Fourth of July weekend was spent at Aneroid Lake in the Eagle Cap Wilderness of Oregon. Though I did not take a large amount of pictures, my goal was to use the 24mm TSE lens to capture some different views of the lake. The two shots shared here are each composites of two images.
The first image was taken in the evening with the sun setting behind the mountain ridge in the frame. I wanted to include the clear water of the lake and the rocks below. I used a circular polarizer to mitigate the reflection on the lake. I do not believe tilt was involved since the foreground was not very close to the lens. I had forgotten my bubble level so had to eyeball the lake’s horizon. Each image was shifted up/down and overlaps over 50% resulting in a nice 4×5 aspect ratio image.
Another aspect of this image I want to point out is the use of a circular polarizer. Too often I read online people dismissing the need of a circular polarizer on a wide angle lens. Yes, the effect it could have would not deepen the blues within a sky evenly. However, I most enjoy the reflection-cutting ability polarizers have on water. I could not see the bottom of the lake with my own eyes as well as the camera-lens-polarizer combination could. For me, a polarizer on a wide angle lens makes complete sense when shooting water (or wet objects).
Aneroid Lake Evening
The second photo was taken in the morning. Dawn light was nice but I have no regrets missing the light by a few minutes. Just a few clouds; I’m ok with the result I got anyway. This shot required tilting to maximize DOF. I even took three different exposures with a plan of an HDR panoramic stitch. However, the detail in the “normally” exposed image of the three files had enough detail to rescue the highlight data. Again, this is two photos with 50%+ overlaps resulting in a nice 4×5 aspect rato. Using the tilt-shift at the lake was a fun experience.
Aneroid lake Dawn
One last image to prove I explored beyond the lake. This area sits above Aneroid Lake along the Tenderfoot Pass trail.
I love the springtime in the Palouse for many reasons: goodbye to snow, hello to greens, clouds aplenty, and rain storms visiting frequently. The bane of landscape photographers is clear skies. Though a clear sunny day is definitely beautiful, it isn’t entirely picturesque when you desire to photograph landscapes. The ever-changing springtime weather is very enjoyable. The clouds could look menacing, just to clear up 30 minutes later with beautiful sunlight streaming through accentuating the escaping clouds. Here is a sampling of a Palouse spring:
The Plan: Last week I planned to shoot sunrise primarily to capture the moon set. The weather cooperated though it was a little windy. The location decided upon worked well for this time of year due to the position of the moon. If photographed later in the summer, the moon would be too far to the right of the frame and even completely outside of the frame come late June when Summer officially arrives. This position can be attained again in Autumn, but I have not used The Photographers Emphemeris to determined the exact date.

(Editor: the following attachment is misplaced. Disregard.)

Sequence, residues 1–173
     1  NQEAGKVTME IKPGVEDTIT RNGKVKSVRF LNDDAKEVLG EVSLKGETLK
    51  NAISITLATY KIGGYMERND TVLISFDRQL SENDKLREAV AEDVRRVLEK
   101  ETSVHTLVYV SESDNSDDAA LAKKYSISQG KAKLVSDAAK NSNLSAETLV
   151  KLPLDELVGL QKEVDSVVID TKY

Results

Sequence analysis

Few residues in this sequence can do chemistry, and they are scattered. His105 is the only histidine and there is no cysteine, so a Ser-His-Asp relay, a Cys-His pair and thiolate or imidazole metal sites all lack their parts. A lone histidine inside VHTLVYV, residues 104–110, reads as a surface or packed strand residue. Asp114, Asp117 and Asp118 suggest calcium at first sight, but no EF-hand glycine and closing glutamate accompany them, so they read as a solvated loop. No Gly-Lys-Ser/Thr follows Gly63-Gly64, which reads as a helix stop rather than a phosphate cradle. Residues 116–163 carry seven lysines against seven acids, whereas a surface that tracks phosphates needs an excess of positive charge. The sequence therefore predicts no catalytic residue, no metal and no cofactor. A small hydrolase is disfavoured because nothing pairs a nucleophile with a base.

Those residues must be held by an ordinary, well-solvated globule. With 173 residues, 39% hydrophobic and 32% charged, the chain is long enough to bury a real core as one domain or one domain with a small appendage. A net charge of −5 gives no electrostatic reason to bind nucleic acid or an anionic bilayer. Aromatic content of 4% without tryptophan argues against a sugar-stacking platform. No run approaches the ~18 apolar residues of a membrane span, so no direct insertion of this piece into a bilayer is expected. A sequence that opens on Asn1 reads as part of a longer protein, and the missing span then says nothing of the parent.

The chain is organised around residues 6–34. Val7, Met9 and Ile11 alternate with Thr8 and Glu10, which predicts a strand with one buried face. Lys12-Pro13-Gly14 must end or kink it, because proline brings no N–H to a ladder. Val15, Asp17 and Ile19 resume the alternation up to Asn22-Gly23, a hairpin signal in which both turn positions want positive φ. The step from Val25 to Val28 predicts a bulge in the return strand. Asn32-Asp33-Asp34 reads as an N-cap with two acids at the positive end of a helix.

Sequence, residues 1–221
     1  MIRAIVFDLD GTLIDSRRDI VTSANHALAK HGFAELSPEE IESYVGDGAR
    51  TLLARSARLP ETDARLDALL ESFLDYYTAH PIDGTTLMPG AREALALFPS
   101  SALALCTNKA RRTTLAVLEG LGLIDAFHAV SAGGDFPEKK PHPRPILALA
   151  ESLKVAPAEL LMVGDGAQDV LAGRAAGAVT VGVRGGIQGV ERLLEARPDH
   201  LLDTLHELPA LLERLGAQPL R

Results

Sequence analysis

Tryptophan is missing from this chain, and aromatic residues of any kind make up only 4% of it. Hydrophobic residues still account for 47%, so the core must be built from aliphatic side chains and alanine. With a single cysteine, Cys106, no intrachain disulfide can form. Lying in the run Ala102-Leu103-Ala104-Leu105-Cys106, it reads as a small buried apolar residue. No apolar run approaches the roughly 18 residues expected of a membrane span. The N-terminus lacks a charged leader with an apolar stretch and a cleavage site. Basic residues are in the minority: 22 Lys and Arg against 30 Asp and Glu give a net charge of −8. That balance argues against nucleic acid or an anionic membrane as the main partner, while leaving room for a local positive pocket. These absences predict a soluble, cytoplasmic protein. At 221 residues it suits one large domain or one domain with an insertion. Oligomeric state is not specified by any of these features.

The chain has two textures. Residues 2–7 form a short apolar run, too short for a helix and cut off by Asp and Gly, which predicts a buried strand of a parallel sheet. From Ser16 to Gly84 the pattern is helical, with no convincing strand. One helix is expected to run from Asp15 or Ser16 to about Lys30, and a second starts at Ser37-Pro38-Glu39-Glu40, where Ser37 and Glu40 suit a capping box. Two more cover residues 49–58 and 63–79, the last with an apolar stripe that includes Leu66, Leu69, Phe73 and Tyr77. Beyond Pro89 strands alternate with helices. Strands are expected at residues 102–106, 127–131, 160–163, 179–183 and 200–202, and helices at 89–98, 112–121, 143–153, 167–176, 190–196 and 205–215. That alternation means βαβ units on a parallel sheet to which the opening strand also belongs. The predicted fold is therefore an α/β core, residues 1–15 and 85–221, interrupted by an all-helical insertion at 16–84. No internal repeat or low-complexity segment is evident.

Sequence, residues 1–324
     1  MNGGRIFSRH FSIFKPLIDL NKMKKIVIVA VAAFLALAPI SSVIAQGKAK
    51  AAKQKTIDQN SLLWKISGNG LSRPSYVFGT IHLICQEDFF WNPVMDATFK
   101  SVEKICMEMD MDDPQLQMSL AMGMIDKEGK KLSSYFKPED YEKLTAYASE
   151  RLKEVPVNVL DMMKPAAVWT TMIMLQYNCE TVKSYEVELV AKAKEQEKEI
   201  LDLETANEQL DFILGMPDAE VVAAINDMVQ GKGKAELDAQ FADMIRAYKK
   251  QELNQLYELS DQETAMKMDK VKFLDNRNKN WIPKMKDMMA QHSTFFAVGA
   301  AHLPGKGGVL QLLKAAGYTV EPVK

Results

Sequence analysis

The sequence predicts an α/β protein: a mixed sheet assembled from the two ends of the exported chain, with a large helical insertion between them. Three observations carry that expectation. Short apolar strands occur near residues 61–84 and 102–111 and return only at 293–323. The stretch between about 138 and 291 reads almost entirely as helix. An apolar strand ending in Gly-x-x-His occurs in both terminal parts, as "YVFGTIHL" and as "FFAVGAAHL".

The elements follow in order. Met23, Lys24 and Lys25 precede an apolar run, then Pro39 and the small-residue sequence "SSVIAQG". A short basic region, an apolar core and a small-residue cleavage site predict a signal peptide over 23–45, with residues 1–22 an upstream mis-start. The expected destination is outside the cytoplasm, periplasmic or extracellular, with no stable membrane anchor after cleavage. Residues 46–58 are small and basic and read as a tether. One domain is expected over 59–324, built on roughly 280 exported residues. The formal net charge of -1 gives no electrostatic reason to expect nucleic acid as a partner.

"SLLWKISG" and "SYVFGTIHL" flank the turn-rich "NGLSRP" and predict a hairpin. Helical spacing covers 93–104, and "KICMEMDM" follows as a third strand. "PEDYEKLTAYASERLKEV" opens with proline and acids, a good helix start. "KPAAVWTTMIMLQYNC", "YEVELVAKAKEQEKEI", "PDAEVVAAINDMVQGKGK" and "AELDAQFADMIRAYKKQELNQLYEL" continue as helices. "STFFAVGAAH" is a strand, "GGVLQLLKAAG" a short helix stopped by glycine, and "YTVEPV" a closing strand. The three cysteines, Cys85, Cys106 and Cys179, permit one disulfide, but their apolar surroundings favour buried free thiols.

The Coincidence: With a location decided upon and photographing the moon set the goal, I set out early in the morning. The convenient coincidence is the path of the Palouse River. Though the river snakes it way through the scene, one might assume it continues to snake in a similar manner below the bottom of the frame, especially with how the river bends. However, the path of the river that comes in from the lower left hand side is only there during the early spring run-off. I revisited previous photos I had taken in Summer and found that portion of the river is indeed dry, all but for a tiny pool. The river actually runs in from the left side of the frame and makes a 90 degree turn, resulting in the meandering seen here.
Needless to say, I was pleased with the outcome, especially learning of the coincidence of the river flow aiding my pre-planned photographic idea.
Palouse River Moonset, Spring
Technical Details: This photograph is the result of nine different exposures but 12 total files. Three of the darkest exposures taken were further decreased by -2 exposure compensation in ACR. The resulting 12 files were stitched, of which each image was a combination of four images (three HDR images of four files each were used) to capture highlight and shadow detail (4×3). In short, it is a multi-stitch panorama HDR image. The resulting stitch worked best as a 4×5 aspect ratio instead of 2×3; I had too much overlap on my panorama images.
The 10-day forecast shows highs in the low 50s; it appears Spring is near. Though the Inland Northwest saw a brief break in January from winter weather — especially here in the Palouse with a lengthy inversion — snow and cold came back with a vengeance in February. I’ve shared a few photos already but here are the last three to share from the snowy month of February 2014.
One final surge of Winter (hopefully the last) was experienced in early February here on the Palouse. Good snowfall, frigid temperatures, and good light all came together for a good week of photography. Though I took numerous images, here is a sampling of panoramas from this Winter. Some are cropped to a 2:1 aspect ratio (first and last images) while the remainder are multiple images taken with a 400mm and then stitched.